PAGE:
7.  Christmas caroling at the Hotel Intercontinental on Christmas Eve. This was something that our church did every year. We always felt sorry for the foreign businessmen who were stuck in the hotel on Christmas Eve, so this was our way of cheering them up.

8. The arrival of television in 1968. Broadcasts were only in the evenings and not on Mondays. At first we didn’t have one, so would hang out at our neighbor’s place to watch the one English program that aired each night.  Bewitched and Marcus Welby, MD were among our favorites.

9.  Skate-boarding on the roof of our house. The roofs of our cement houses were flat, with a wall around the perimeter. My mom used the space to hang laundry while my sister and I treated the flat surface as our own personal skate-boarding park.

10. Pot-luck dinners at church.  I remember Mrs. Patterson’s chicken curry as being exceptionally divine.

There are thousands more memories, of course, but I will stop.

Perhaps you, dear reader, grew up in Karachi as well.  What special memories do you have? Please leave a comment and share one.

Rickshaw photo: Karachi Digest

Chicken Tikka photo: Infokorners.com (click on the link for a recipe)

 

 

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16 thoughts on “Karachi Memories

  1. Thanks, Jo. I think I can smell some tikka cooking right now. Karachi is much more than a place — it’s sights, sounds, smells, filth, beauty, exasperation, frustration, joy and fun. Do you agree — we really had a good, happy life during those years. Thanks for all the reminders.

  2. Love the post so many memories. One of my first was driving to Hawkes Bay just a few days after my arrival. We passed a place nicknamed by the Americans as smelly corner and by the Brits as Pooh Corner (after winnie the pooh) and the smell was so bad my fellow passenger passed out! Thankfully the pakistanis of the dispersion have blessed us with good tikka and beautiful fresh naan bread

  3. We were newlyweds when we lived in Karachi (1967 – 1968)
    I remember the little church and all the nice people there. Your parents were especially nice to us. Those were good years in Pakistan, there was not a lot of violence. Travel seemed safe and people seemed friendly.

  4. Sweet memories!!! Most of these are mine as well, especially Sunday night at The Spot. Don’t forget the Fanta…can still see your Dad waving his napkin for another bottle of that orange stuff..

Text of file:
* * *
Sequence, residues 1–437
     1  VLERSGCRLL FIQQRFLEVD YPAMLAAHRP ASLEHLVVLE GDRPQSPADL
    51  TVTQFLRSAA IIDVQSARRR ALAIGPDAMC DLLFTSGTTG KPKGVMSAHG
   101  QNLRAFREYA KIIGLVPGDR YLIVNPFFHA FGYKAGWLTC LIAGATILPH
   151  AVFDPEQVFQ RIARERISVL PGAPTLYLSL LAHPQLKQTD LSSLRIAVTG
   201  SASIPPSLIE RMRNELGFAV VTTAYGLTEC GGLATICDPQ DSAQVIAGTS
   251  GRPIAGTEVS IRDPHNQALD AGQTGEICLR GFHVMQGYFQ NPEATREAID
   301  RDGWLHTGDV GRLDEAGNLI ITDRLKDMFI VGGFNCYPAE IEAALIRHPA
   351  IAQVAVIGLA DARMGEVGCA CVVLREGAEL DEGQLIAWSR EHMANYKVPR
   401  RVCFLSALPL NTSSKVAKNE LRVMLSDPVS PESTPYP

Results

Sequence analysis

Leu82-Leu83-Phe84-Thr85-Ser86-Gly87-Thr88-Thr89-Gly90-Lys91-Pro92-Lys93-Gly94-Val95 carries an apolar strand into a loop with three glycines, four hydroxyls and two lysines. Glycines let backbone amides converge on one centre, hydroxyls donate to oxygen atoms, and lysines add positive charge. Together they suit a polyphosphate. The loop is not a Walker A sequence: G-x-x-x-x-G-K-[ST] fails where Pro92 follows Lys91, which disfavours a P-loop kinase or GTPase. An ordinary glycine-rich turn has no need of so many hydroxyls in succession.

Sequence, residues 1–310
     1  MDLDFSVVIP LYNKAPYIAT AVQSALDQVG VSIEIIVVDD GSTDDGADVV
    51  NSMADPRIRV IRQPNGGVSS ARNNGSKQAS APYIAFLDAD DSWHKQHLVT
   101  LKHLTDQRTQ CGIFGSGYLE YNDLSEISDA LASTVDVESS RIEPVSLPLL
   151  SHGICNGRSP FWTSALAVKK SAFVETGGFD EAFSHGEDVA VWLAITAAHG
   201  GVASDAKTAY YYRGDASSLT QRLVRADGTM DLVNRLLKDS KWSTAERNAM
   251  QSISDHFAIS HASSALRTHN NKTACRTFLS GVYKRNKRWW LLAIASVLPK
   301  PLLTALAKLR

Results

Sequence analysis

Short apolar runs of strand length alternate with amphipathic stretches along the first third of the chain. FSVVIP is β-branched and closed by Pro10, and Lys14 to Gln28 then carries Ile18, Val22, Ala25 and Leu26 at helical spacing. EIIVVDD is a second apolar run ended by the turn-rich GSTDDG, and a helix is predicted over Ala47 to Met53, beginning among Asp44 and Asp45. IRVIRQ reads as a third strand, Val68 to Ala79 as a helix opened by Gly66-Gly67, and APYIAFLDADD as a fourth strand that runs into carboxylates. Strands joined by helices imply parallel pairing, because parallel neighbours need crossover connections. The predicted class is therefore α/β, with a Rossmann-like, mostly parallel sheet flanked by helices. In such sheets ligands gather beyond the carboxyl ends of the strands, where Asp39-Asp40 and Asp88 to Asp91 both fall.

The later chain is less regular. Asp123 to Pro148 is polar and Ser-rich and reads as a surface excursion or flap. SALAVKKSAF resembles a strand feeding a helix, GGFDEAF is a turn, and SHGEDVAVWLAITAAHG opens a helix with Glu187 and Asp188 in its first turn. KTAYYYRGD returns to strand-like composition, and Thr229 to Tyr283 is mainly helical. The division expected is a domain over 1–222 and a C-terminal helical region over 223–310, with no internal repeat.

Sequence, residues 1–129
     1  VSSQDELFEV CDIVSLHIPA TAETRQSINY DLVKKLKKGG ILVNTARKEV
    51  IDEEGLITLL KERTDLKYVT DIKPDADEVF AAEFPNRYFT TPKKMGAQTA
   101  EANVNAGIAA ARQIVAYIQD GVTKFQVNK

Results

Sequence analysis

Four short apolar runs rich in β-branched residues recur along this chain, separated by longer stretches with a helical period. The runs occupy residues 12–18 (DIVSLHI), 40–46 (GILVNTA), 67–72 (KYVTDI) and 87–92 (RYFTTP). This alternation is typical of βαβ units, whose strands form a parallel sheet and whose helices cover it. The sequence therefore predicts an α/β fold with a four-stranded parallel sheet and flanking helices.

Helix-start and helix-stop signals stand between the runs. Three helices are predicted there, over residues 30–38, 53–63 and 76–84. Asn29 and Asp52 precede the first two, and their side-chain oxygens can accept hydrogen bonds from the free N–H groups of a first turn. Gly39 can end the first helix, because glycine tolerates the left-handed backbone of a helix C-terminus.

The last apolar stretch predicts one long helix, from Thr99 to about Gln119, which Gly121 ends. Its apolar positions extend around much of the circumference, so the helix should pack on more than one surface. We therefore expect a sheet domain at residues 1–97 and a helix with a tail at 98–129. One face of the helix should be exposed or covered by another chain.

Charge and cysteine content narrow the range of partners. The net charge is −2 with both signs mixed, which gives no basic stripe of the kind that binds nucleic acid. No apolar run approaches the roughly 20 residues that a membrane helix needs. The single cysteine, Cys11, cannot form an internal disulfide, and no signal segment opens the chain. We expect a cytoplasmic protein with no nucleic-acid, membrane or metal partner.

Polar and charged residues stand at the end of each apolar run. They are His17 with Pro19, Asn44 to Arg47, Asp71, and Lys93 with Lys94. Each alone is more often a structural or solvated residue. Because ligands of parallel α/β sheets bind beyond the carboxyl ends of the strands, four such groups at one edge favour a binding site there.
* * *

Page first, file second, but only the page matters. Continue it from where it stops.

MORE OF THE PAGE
5. Joanne,
    While it is quite safe to say that Karachi is a vastly different place than in the 60s and 70s, even in it current difficult condition there are memories to be had. Our daughter was born in Karachi in 2005 and I expect some of her memories will include aromatic dinners at Auntie Apo’s house, wide open marble floors on which to play without reservation with friends, Tandoori Parhatas, and fresh nan.

    The beach hut is still there and still offers much for a day away, but it is harder and harder to go for an overnight because of its sad lapse in condition over the past decade or so. We have a great many memories there as well.

    Many a Karachi resident sits and thinks of the days before 1977…these are hard days in Karachi and we should pray for a new day of favor.

  6. Joan,

    Most interesting. Which years were you at KAS? Class of?

    I was there from 64 through 72 – Class of ’72.

    - Babar

  7. I was in Karachi from 73-76. Did third through sixth grades at KAS! What awesome memories. Crab fishing, turtle watching, school trip to Mohenjedaro, the stink of the city on the way to the beach, the wild parrots visiting our garden, the food…chapati, chicken tikka… the Midway House hotel…my best friend’s dad was the chef there..his lobster thermidore (sp?) was melt in your mouth yum. I spent much time running around that hotel. Wish I had more photos.

  8. I have borned in Karachi in 1950 and grown up at Victoria Road in Saddar. We lived at Lyar Chamber, a Porsche flat on a prestige Area Saddar. Went to St Xavier School, on Napier Road, where mostly Anglo-indian lived. I had avery good memories from earls 1960. Gymkhana Club, hoel Metropole and Frere Hall.
    I and My elder brother were aktive with Seas Scouts at Naval Colony, near Beach Luxury Hotel. Shopping at Boris Bazar and rememereda big fire in earls 1960s.
    I left Karachi with My family in 1965 and settlled in Sweden.
    I Wentworth back in 1970s and 1980s. In 1975 rememered Disco on second floor at Metropol Hotel and swimmingpool pool at Holiday Inn.
    Tahir Babar, Uppsala Sweden. Babarone@yahoo.com